Skin cancer treatment
Non-melanoma skin cancer is treated in different ways. The treatment recommended by your doctors will depend on:
- the type, size and location of the cancer
- your general health
- any medicines you are taking (these may increase the risk of bleeding after surgery or delay healing)
- whether the cancer has spread to other parts of your body.
If the excision biopsy removed all the cancer, you may not need any further treatment.
Learn more about:
- Making treatment decisions
- Curettage and electrodesiccation
- Topical treatments
- Photodynamic therapy
- Radiation therapy
- Treating sunspots and superficial skin cancer
- Treating advanced skin cancer
Treatment of sunspots and superficial skin cancer
Many of the treatments described in this section are used for sunspots as well as skin cancers.
Some sunspots may need treatment if they are causing symptoms or to prevent them becoming cancers.
Skin cancer that affects cells only on the surface of the top layer of the skin is called superficial. Treatment options for superficial BCC and SCC in situ (Bowen’s disease) include curettage and electrodesiccation, freezing, topical creams and photodynamic therapy.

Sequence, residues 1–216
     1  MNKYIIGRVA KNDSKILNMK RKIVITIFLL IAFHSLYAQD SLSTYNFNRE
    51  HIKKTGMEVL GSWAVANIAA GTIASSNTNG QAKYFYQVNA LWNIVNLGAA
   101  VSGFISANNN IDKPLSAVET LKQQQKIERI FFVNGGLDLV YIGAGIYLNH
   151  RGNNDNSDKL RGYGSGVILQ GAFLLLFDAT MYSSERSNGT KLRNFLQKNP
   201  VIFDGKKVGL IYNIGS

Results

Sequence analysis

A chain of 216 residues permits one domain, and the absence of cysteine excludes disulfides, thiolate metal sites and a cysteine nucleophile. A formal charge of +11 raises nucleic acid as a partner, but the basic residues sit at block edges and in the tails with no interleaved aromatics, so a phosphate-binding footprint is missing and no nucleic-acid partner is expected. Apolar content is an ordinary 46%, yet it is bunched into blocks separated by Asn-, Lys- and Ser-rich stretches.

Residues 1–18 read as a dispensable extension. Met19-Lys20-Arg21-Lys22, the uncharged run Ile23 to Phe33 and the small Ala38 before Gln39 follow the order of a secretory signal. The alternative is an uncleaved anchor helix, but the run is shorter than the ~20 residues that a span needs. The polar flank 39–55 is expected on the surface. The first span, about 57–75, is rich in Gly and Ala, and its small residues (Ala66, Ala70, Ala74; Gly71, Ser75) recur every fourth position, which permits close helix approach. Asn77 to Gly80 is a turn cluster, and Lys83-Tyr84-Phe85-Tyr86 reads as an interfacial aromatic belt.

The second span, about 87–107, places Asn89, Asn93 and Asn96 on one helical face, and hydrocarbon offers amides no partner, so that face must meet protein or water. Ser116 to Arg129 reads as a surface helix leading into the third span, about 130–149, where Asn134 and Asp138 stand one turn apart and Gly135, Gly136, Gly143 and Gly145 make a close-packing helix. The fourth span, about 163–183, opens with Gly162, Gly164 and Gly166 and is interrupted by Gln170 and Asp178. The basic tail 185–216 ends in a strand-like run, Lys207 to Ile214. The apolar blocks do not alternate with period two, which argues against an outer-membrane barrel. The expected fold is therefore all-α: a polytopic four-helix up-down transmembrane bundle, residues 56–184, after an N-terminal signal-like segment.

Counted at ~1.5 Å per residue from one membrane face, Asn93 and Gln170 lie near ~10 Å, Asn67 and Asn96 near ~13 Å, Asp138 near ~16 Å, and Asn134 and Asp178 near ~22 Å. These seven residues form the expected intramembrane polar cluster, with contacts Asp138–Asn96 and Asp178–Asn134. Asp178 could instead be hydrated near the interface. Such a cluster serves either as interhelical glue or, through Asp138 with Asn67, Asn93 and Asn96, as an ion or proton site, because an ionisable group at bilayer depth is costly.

Surgery is not always used for superficial BCC and SCC in situ. It may be used if the diagnosis is uncertain or if the area of abnormal tissue does not respond non-surgical treatments.
Treating advanced skin cancer
A very small number of BCCs and SCCs spread to the lymph nodes or other areas of the body (advanced cancer). Your doctor will explain your treatment options depending on where the cancer is located.
Options may include surgery, radiation therapy or drug therapies such as immunotherapy, targeted therapy or chemotherapy. You may have a combination of treatments.
To work out if the skin cancer has spread, your doctor will feel nearby lymph nodes and may recommend a biopsy of the lymph nodes and imaging scans. Your surgeon will talk to you about the risks and benefits of a lymph node biopsy.
Podcast: Making Treatment Decisions
A/Prof Stephen Shumack, Dermatologist, Royal North Shore Hospital and The University of Sydney, NSW; Dr Margaret Chua, Radiation Oncologist, Head of Radiation Oncology, Skin and Melanoma, Peter MacCallum Cancer Centre, VIC; John Clements, Consumer; Aoife Conway, Skin Lead and Radiation Oncology Nurse, GenesisCare, Mater Hospital, NSW; Sandra Donaldson, 13 11 20 Consultant, Cancer Council WA; Kath Lockier, Consumer; Dr Isabel Gonzalez Matheus, Plastic and Reconstructive Surgery, Principal House Officer, Princess Alexandra Hospital, QLD; A/Prof Andrew Miller, Dermatologist, Canberra Hospital, ACT; Dr Helena Rosengren, Chair Research Committee, Skin Cancer College of Australasia, and Medical Director, Skin Repair Skin Cancer Clinic, QLD; Dr Michael Wagels, Staff Specialist Plastic and Reconstructive Surgeon, Princess Alexandra Hospital and Surgical Treatment and Rehabilitation Service, and Senior Lecturer, The University of Queensland, QLD; David Woods, Consumer.
View the Cancer Council NSW editorial policy.